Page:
1 15-ounce ricotta cheese
1 tablespoon Vanilla
1 ½ cups all-purpose flour
½ cup sugar
2 tablespoons baking powder
½ teaspoon kosher salt
1 pound powdered sugar
1. Sift flour, salt, sugar, and baking powder into a large mixing bowl and set aside.
2. In a small bowl, using a wire whisk beat the eggs and vanilla for one minute.
3. Add the ricotta cheeses and egg mixture to the dry ingredients. Using a large spoon or electric hand mixer, incorporate all ingredients together for 2 to 3 minutes. The batter will look very thick. Cover batter with plastic wrap and let it rest on counter for 20 min.
4. Place powder sugar in a large pie plate and set aside.
5. Line a dish with paper towels and set aside.
6. Pour La Spagnolia oil in a very deep pot (about 3 inches) and heat oil on high.
7. Using a 1-inch cookie scoop, drop scant scoops of batter directly into hot oil. Using a spider spatula continuously move donuts around to evenly cook till deep golden brown.
8. Carefully remove golden donuts from hot oil onto prepared paper toweled pie plate to remove excess oil.
9. Immediately roll hot donuts into powder sugar, and enjoy!!!
Recipe courtesy of Felicia Ciaramitaro Mohan, 2011.
These are considered a special treat by Felicia Ciaramitaro Mohan’s family, especially her son BJ, who helps make this recipe. Every Sunday, especially on religious holidays such as Easter Sunday, Grandfather Joe would make these special donuts “for us (seven Grandchildren) on Sunday mornings. This is one of many treats he and my grandmother Felicia would make for Sunday coffee time after Sunday Mass.” The special ingredient in these homemade donuts is ricotta cheese. It is mixed into the batter and makes for a very moist and tasty round donut, which is rolled into powdered sugar right after frying them in oil.
“My Grandfather passed away when I was in high school. When my twins were born many years later, I remember counting the months till they could have table food so I could make them to enjoy on Sunday mornings and Holiday mornings just as I did growing up.”
“My kids enjoy them just as much as my cousins bother & I did. My daughter Amanda knows how to make the batter, BJ is a professional donut powdered and my husband is defiantly the best at eating them! With our busy schedules traveling with our daughter Amanda for tennis, Sunday mornings as a family are tough to fit in. In spite of this, everyone knows, including my nieces Eloise & Madeline, that when TeTe, Uncle Barry, BJ & Amanda are home on a Sunday donuts are being made while the sauce and meatballs are cooking for our family dinner!”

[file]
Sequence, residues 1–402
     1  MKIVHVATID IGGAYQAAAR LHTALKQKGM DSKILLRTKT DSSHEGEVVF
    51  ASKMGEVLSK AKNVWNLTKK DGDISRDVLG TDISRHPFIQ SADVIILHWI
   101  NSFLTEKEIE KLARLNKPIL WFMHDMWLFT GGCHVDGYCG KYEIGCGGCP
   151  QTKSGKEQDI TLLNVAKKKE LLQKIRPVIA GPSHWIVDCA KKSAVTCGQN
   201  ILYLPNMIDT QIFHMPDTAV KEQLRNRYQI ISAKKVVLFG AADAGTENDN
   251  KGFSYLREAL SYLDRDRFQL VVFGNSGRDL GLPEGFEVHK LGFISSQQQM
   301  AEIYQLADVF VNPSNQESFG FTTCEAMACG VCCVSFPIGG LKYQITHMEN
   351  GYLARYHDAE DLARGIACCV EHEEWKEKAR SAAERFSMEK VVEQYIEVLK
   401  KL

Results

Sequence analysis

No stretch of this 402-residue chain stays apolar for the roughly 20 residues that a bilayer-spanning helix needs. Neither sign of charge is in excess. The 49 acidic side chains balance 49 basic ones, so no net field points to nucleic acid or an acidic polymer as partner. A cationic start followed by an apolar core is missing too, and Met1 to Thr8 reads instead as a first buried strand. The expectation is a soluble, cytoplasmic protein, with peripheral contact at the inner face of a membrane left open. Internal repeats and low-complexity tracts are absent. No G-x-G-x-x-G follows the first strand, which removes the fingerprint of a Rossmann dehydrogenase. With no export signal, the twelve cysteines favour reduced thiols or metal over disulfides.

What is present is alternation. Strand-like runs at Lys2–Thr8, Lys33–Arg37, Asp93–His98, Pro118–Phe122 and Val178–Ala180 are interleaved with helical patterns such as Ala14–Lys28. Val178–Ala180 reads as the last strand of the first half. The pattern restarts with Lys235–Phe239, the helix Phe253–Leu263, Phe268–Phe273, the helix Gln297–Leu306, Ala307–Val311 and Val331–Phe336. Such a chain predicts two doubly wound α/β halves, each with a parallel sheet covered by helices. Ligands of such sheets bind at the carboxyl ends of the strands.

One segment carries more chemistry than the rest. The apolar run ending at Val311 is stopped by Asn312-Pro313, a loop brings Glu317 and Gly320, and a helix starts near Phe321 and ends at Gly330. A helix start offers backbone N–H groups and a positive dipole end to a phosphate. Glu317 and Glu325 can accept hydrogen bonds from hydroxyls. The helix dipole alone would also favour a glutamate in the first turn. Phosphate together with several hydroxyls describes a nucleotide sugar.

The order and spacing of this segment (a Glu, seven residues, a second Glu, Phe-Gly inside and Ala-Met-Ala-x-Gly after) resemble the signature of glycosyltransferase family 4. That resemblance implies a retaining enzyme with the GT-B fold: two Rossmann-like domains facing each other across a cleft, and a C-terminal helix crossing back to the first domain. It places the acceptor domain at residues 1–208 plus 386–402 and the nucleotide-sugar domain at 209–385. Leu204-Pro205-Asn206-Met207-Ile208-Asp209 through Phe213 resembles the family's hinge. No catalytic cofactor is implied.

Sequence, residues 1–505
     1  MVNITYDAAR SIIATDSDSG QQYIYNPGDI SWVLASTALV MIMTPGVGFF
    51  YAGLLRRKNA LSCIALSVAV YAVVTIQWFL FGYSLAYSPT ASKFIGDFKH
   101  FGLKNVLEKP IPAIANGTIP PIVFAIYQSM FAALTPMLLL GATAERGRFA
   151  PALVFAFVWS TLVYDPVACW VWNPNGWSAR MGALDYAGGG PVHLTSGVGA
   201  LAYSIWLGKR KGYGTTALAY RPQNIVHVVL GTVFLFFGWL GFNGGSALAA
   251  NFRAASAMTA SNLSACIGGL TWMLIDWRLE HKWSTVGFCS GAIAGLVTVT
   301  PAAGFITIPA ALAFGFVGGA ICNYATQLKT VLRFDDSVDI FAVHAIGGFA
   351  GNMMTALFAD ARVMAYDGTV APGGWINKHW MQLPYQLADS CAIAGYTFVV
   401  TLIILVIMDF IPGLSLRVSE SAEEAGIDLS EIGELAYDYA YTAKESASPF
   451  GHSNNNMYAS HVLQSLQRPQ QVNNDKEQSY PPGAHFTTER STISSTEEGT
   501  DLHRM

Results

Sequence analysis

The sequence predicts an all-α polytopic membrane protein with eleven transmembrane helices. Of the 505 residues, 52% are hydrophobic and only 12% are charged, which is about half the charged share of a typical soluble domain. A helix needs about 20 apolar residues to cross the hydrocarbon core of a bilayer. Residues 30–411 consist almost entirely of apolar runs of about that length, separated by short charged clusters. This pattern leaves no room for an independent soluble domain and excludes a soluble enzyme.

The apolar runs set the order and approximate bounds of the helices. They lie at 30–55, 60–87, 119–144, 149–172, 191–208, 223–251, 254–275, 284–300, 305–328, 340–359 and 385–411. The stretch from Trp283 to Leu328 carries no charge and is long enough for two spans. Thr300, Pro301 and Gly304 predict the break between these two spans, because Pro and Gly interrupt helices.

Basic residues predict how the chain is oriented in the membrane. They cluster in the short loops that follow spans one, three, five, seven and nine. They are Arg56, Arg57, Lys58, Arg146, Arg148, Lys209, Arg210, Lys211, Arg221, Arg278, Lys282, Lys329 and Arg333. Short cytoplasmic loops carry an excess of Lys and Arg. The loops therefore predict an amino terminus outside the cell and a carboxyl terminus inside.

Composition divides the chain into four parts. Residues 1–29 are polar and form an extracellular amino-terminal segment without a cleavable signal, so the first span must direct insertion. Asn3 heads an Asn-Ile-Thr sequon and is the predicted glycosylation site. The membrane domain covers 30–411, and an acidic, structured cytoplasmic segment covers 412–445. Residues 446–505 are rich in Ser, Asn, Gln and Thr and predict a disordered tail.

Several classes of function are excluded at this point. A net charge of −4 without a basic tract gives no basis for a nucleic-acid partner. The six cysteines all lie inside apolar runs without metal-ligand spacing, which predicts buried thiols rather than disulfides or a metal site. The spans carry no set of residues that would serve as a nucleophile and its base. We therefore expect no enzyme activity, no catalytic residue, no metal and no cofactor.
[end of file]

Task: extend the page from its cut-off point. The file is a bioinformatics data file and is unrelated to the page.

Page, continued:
You may want to try them for a special day such as Easter or at any time you want to make a special treat.
So BJ, what's your all-time favorite treat that I make you on Sunday mornings?
Well, it'd have to be Italian doughnuts.
Italian doughnuts. What's the secret ingredient to our Italian doughnuts?
Because everything tastes better with cheese, right BJ?
So here we have four eggs, which BJ is going to beat up for me. You're going to whip those together, honey. And here I have a cup and a half of sifted flour we're going to add to our bowl.
We have a half a cup of granulated sugar. We have a tablespoon of vanilla, a half a teaspoon of salt, and two tablespoons of baking powder. So we're just going to mix this around.
And BJ's going to pour the eggs right in. Because he's so good at this. Thank you, honey. Very good.
And we're going to mix this up. BJ's job on Sunday mornings and on holidays is to after I've fried the doughnuts in the oil, BJ rolls them into the powdered sugar. And I have to say, he's gotten pretty good at it. All right.
Hey, Mom, how does this look?
I think that looks perfect, BJ. I think we're ready to fry it. Let's bring it to the fryer. And while I'm doing that, you get your powdered sugar all ready. Can you do that for me?
So here I have La Spagnola oil in a pan on high heat. We have our ricotta Italian doughnut batter that I made earlier. It's been resting for about 30 minutes. And we're going to use this cookie scooper.
When you're using this scooper, dip it into the oil before you dip it into your batter. And they'll slide right out. Here we go. We're going to take a little spoonful, and we're going to drop it into the oil. You can see it's bubbling.
They're going to puff up. They're going to be like a golden brown. At any time you feel like your batter is starting to stick to your scooper, just dip it in the oil.
You can see they're puffing up. So at this point, you can see they're starting to get more golden brown, which is what we're looking for, still looking for deeper color. If you took them out of the oil at this point, as brown as they may look to you, the inside will not be cooked. They'll be really gooey inside.
So let me show you what I mean, if you were to cut this open. It's super hot. It's very doughy on the inside. And we want to be light and fluffy. But at this point, it's still very doughy.
So at this point, you can see that they're nice and dark golden brown. They're perfect. They're crispy on the outside.
They're going to be fluffy and light on the inside. Now I'm going to remove these from the hot oil. And BJ is going to roll them in the powdered sugar. Look at those beautiful doughnuts-- Italian ricotta doughnuts.
So here, BJ, we have them all nice and fried. How do they look?
They look pretty delicious.
They look pretty delicious. Did I do a good job frying them?
OK. Who gets the first taste, me or you?
Me, definitely me.
You? I think I'll let you have the first taste today. But I'll have the last taste.
It's job every Sunday. Someone's got do it, right?
We say time to make the doughnuts. They're very good doughnuts. And they're very messy. And we don't mind, do we?
No, not at all.
Powdered sugar could be everywhere. It's worth it.
Thank you for helping me.
No problem, Mom.